I don’t like what the world has become.
At night, the sprinklers sound like rain
but I am neither fooled nor consoled.
Real rain no longer exists,
and the fish in the rivers
flash with phosphorous.
In secret I compile the history
of the world before the tragedy,
a lonely occupation. As a foreigner,
I write in a language of immunity,
make notes of things, deciphering,
invisible as a tourist.
Inside the nebulous skies,
millions of tiny planes
disperse their seed,
and the radio calls it weather.
There was weather in my childhood
on the other planet,
not that it was lovely. It was cold.
It was lovely, but cold.
When, in my investigations,
I search through the scrapbooks
for proof of this,
I discover the pictures, six to a page,
entangled in a white trellis,
the space around them.
This is the way I remember
Father’s house, a square of darkness
crisscrossed by the moon,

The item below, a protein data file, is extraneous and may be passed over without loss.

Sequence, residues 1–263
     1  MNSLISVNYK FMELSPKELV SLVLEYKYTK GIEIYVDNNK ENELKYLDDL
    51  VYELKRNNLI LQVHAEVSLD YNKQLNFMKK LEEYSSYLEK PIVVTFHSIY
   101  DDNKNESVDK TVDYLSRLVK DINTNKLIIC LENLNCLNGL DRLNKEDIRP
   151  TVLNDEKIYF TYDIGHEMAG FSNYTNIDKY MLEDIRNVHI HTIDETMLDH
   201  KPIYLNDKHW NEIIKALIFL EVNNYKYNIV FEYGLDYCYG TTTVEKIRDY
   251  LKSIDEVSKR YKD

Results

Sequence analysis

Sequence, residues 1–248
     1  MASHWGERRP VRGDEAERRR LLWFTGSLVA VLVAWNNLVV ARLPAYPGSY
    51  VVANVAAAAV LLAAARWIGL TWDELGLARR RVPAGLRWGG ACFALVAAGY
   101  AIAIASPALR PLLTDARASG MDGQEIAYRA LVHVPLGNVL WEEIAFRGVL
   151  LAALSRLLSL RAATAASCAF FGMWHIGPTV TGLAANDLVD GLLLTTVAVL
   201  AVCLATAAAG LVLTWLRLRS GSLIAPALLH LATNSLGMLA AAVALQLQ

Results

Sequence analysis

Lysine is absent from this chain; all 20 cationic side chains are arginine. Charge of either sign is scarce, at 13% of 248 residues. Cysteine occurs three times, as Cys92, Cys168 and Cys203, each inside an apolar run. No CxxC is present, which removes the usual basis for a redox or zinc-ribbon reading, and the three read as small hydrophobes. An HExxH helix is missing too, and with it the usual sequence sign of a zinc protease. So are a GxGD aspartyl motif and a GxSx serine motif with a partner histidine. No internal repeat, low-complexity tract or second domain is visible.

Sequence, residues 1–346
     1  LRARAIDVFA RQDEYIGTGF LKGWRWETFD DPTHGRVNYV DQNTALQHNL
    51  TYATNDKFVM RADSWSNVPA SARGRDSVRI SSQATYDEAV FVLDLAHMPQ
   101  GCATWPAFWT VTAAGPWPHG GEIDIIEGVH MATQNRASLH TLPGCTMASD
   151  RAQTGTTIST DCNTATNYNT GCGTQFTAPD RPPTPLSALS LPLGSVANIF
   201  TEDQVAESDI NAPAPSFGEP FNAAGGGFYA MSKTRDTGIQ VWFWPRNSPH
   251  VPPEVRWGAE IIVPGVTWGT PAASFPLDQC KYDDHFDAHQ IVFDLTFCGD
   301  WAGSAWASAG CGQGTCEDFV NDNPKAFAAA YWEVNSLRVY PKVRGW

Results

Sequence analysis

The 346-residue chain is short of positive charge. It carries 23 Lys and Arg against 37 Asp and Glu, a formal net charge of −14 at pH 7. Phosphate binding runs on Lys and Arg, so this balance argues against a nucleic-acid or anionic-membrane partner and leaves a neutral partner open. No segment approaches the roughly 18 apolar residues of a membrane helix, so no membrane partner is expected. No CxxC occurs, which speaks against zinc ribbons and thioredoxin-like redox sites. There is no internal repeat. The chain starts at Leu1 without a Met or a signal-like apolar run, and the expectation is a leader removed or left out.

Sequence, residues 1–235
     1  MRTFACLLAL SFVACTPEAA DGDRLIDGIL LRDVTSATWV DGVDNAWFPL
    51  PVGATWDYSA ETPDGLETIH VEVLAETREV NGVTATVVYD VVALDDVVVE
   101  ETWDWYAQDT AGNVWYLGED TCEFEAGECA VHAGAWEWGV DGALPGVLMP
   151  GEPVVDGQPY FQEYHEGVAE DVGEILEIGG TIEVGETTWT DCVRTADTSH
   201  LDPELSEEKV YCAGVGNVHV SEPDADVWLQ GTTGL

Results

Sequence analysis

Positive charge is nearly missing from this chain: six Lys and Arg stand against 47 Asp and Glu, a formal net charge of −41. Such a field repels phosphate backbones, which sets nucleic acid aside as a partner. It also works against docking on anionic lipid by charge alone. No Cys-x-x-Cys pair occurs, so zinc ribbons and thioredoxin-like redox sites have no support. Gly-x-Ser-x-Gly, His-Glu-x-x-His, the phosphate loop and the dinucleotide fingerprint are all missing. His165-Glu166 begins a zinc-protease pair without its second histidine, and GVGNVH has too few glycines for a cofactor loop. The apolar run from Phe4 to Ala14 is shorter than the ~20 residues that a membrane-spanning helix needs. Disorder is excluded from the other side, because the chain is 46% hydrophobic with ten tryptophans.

a latticework the ivy climbed.
That’s me in the window,
wondering about love.
I had a mysterious heart.
Perhaps my present disorientation
began on such a night.
In the many layers of the sky,
the stars appeared to swim
and multiply, like snow, or sperm,
or the white cells of death
on the laboratory slide.
Or maybe it was Christmas,
and other people had the Spirit,
but I never had it, as far as I know.
But all childhoods are hazardous,
and their cruelties ordinary.
I love the snowfall,
the blossoms of silence
that gather around us.
Then this planet is cast as the other,
and my life as another’s.
The planes dive toward terra firma
with ice on their wings, which is justice,
their cockpits full of moonlight.
So whether the water spills
through the pipes and spigots
or freezes in the heavens,
it makes no difference.
I come from the snowbound planet,
so far away it seems a spark,
a chip of ice. The truth is,
I did not consent to exile here.
So the mind goes into the past,
or up into a clean, new galaxy.